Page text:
The great British writer Thomas Hardy was born on 2 June, 1840. His father was a fiddler in the village band and he himself also played. There are lovely vignettes of village music throughout his stories, and in 1916 he wrote this poem, reflecting on the loss of his father, through the silent violin.
My Father's Violin
Does he want you down there In the Nether Glooms where The hours may be a dragging load upon him, As he hears the axle grind Round and round Of the great world, in the blind Still profound Of the night-time? He might liven at the sound Of your string, revealing you had not forgone him.
In the gallery west the nave, But a few yards from his grave, Did you, tucked beneath his chin, to his bowing Guide the homely harmony Of the quire Who for long years strenuously – Son and sire – Caught the strains that at his fingering low or higher From your four thin threads and eff-holes came outflowing.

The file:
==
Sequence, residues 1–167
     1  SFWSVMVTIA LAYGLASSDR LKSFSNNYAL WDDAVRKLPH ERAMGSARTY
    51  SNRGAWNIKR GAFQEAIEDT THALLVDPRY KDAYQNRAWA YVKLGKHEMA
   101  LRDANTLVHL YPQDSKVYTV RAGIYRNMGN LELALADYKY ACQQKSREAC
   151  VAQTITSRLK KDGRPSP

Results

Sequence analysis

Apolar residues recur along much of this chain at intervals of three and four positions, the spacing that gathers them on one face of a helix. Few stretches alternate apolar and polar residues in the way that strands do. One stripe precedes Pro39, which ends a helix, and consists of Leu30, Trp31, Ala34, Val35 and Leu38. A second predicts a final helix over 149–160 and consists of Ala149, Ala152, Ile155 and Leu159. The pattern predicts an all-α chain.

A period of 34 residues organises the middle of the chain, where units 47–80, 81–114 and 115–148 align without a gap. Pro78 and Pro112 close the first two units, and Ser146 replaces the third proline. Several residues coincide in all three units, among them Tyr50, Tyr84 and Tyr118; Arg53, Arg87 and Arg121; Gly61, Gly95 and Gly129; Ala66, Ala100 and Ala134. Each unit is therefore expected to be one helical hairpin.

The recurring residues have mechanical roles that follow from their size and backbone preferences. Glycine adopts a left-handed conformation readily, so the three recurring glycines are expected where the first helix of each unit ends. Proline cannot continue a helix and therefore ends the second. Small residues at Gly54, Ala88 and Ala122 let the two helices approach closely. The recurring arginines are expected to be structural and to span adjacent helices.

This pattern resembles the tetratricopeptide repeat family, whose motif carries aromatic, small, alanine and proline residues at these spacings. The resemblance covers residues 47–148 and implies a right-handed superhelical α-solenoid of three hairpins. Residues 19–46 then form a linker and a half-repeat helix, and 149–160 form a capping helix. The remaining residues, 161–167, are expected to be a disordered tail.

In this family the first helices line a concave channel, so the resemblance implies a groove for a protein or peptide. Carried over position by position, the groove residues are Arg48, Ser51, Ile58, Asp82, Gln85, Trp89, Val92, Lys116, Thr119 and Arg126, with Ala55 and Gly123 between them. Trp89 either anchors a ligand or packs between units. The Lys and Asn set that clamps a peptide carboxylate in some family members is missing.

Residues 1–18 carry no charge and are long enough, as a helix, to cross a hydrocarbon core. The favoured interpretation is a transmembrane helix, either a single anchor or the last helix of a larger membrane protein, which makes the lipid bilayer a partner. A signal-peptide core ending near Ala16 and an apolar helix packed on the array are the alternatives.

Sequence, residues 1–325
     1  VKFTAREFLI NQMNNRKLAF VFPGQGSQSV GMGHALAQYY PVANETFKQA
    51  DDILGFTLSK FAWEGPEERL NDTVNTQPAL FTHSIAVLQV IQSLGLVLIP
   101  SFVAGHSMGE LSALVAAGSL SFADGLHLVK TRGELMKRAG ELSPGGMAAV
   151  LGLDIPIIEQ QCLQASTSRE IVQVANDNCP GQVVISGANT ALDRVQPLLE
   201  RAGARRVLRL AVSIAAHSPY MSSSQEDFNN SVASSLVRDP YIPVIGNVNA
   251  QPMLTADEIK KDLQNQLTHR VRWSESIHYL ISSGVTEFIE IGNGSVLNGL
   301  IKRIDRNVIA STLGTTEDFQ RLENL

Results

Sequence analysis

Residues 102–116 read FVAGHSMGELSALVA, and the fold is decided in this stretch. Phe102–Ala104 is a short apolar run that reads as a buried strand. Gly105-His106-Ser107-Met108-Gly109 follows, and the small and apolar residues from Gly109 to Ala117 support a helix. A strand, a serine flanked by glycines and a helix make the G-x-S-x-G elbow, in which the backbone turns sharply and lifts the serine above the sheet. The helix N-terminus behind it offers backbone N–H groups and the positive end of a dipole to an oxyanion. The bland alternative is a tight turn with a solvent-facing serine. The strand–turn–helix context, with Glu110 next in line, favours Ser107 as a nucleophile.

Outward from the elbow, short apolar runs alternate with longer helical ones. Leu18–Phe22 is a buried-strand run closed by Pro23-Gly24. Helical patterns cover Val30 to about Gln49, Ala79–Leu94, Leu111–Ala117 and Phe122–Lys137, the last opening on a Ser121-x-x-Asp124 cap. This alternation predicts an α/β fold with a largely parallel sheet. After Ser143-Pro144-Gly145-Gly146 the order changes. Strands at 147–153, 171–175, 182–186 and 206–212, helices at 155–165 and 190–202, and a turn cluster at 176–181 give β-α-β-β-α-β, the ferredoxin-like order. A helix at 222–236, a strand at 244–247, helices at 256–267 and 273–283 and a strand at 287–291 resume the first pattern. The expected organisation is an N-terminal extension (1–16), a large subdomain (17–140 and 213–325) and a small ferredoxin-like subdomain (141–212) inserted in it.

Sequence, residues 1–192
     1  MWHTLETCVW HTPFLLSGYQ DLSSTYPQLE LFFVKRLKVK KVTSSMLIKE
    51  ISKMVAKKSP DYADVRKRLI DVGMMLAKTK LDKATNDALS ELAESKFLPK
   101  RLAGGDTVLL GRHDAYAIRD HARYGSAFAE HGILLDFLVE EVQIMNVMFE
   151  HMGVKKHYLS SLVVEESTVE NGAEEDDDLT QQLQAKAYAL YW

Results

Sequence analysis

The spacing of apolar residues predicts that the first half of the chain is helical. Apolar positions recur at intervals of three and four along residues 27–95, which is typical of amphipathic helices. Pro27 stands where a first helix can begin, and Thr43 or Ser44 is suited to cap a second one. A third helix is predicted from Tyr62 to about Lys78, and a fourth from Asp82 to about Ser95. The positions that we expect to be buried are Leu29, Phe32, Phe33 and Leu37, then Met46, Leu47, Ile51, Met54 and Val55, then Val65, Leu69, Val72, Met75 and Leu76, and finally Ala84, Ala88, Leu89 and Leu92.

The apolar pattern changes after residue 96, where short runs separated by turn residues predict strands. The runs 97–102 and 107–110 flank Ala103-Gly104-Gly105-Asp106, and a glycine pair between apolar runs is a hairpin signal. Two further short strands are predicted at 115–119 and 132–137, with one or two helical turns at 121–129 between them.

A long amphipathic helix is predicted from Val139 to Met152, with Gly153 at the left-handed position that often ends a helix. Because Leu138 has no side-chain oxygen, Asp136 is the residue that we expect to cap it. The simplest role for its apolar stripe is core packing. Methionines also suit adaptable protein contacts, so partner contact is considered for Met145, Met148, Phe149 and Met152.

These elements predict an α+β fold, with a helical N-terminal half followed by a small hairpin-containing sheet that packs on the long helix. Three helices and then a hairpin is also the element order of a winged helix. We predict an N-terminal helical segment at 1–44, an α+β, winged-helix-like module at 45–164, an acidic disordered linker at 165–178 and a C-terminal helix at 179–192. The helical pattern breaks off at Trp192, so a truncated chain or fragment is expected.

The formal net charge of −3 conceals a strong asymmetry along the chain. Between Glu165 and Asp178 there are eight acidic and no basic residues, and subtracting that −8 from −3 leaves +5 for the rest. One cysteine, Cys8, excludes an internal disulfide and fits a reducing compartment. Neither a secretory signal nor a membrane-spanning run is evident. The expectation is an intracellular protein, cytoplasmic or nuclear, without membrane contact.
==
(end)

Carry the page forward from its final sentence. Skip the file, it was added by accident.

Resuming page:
And, too, what merry tunes He would bow at nights or noons That chanced to find him bent to lute a measure, When he made you speak his heart As in dream, Without book or music-chart, On some theme Elusive as a jack-o'-lanthorn's gleam, And the psalm of duty shelved for trill of pleasure.
Well, you can not, alas, The barrier overpass That screens him in those Mournful Meads hereunder, Where no fiddling can be heard In the glades Of silentness, no bird Thrills the shades; Where no viol is touched for songs or serenades, No bowing wakes a congregation's wonder.
He must do without you now, Stir you no more anyhow To yearning concords taught you in your glory; While, your strings a tangled wreck, Once smart drawn, Ten worm-wounds in your neck, Purflings wan With dust-hoar, here alone I sadly con Your present dumbness, shape your olden story.